What You See … and Can’t See … Can Hurt You
Idling can be bad for your health. While children, the elderly, and people with respiratory ailments are most vulnerable to the pollutants from vehicle exhaust, these emissions affect everybody. Pollutants released during idling have been linked to the increased incidence of asthma, allergies, lung and heart disease, and cancer.
Idling emissions include nitrogen oxides (NO2), volatile organic compounds (VOCs), carbon monoxide (CO) and fine particulates (PM2.5). All of these pollutants carry health risks. Carbon monoxide interferes with the blood’s ability to carry oxygen to the brain, heart, and other tissues, causing headaches and fatigue. Ozone, created by chemical reactions between oxygen and nitrogen oxides, can cause inflammation in the lungs, decrease lung capacity, and irritate bronchial passages. VOCs, which along with NO2 contribute to the formation of ozone, have the potential to cause cancer. PM2.5 fine particulates lodge deeply in the lungs, causing respiratory problems and providing an entry point for toxic pollutants into the lungs.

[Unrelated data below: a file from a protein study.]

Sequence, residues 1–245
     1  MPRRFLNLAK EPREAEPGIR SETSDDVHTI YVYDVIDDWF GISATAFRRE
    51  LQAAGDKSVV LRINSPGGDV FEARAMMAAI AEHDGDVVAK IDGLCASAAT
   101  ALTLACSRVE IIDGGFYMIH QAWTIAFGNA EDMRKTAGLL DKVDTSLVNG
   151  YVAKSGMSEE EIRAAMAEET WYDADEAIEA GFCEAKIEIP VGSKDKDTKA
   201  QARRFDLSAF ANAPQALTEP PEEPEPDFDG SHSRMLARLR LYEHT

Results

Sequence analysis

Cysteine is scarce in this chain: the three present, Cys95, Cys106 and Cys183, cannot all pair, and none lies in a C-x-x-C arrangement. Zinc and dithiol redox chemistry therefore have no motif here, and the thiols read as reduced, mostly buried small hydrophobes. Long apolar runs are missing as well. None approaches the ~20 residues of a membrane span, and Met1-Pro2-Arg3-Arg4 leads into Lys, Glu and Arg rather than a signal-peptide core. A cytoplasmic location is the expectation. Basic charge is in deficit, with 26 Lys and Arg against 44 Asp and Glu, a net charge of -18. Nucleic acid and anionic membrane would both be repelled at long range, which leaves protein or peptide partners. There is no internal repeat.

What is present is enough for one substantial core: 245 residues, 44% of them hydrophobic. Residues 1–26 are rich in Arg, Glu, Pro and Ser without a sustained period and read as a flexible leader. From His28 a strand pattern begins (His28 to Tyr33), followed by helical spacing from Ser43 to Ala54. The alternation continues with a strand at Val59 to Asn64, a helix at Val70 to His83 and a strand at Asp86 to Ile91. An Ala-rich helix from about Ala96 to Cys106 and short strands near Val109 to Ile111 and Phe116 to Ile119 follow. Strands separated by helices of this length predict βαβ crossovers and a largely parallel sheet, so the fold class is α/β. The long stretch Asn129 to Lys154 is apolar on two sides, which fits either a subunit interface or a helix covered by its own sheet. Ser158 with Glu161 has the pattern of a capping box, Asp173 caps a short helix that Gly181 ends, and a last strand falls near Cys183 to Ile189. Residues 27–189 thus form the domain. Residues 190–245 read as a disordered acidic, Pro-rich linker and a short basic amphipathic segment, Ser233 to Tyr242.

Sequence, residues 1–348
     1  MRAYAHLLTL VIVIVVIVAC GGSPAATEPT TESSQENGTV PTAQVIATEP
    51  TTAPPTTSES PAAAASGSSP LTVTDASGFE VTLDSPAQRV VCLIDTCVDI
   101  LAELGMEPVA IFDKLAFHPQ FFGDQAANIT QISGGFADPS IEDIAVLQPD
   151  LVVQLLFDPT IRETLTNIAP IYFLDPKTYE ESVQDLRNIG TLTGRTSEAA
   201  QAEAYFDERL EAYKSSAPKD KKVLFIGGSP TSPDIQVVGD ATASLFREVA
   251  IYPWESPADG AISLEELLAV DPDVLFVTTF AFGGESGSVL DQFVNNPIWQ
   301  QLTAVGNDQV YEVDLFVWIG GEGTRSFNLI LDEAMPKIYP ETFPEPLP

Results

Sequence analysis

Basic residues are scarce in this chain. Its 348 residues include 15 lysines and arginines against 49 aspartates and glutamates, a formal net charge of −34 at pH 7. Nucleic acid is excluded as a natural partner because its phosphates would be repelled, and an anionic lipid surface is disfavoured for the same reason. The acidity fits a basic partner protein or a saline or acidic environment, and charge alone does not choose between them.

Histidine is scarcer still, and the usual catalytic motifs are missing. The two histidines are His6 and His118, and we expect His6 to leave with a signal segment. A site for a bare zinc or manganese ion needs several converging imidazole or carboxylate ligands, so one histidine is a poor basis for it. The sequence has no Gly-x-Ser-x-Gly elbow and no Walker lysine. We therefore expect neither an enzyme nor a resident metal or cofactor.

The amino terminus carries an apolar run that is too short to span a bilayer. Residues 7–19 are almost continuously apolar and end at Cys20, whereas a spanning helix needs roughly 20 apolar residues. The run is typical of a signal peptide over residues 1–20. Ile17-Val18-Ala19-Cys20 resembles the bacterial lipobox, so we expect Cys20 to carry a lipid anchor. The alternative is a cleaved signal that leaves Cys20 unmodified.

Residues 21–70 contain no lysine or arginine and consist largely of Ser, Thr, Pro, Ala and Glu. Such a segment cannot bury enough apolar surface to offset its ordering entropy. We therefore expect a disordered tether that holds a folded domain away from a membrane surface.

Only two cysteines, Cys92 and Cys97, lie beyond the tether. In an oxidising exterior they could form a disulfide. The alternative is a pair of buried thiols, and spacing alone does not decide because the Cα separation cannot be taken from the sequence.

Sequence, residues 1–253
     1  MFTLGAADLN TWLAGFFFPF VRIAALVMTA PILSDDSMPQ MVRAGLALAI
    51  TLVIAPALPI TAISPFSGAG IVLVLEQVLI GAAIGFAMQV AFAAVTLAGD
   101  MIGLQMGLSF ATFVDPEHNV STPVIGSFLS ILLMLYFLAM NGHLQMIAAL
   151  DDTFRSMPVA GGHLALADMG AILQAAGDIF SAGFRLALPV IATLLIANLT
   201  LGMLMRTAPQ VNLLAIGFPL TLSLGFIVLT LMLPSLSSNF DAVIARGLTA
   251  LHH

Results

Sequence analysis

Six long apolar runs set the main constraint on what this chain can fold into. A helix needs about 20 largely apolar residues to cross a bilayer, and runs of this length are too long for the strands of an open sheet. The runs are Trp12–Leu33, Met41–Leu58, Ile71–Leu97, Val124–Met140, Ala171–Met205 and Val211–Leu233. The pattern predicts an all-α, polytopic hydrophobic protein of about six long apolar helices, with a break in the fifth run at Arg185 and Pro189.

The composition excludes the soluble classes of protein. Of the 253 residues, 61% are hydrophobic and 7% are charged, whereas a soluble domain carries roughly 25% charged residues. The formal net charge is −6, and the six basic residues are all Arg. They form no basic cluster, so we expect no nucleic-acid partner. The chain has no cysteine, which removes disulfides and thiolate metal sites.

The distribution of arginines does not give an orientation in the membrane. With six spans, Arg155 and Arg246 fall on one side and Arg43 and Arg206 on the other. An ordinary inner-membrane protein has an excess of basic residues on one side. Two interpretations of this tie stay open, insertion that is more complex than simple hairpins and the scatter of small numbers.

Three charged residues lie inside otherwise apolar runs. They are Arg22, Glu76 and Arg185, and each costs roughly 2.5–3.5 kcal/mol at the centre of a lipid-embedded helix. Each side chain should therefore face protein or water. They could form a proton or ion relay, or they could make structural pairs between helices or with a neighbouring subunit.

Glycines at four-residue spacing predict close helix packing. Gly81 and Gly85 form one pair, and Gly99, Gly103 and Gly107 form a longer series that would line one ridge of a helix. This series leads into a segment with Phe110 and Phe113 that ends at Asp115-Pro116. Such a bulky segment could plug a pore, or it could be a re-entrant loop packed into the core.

Children are at particular risk because they breathe more rapidly than adults and inhale more air per pound of body weight. Children also spend a considerable amount of time outdoors during the summer and fall, when ozone levels are typically higher. Exposure to these pollutants is associated with increased frequency of childhood illnesses and can contribute to the development of asthma and other respiratory ailments.
Many people do not realize that engines release more harmful emissions when idling than driving. Modern engines are designed to run most efficiently at higher temperatures. Because engines run at a lower temperature when idling, they do not fully combust fuel injected into the combustion chamber. This incomplete combustion releases a chemically complex toxic brew into the air.
Diesel exhaust is especially harmful. The Environmental Protection Agency (EPA) regards these emissions as a major health risk to the public. Scientists have yet to identify a safe level of exposure to diesel exhaust. People who live in urban areas or near major roads and highways suffer a greater incidence of respiratory problems due to the higher concentrations of exhaust in these areas. Diesel emissions from idling school buses pose a danger to children and have been at the heart of idle reduction efforts throughout the country.
Surprisingly, exposure to most auto pollutants, including VOCs and CO, is much higher inside vehicles than outside. Drivers caught in traffic jams on highways, idling outside a school or sitting at drive-through inhale more toxic pollutants than people standing outside the car.
Reducing unnecessary idling reduces exposure to these toxic pollutants and improves the respiratory health not only of sensitive populations but also healthy individuals.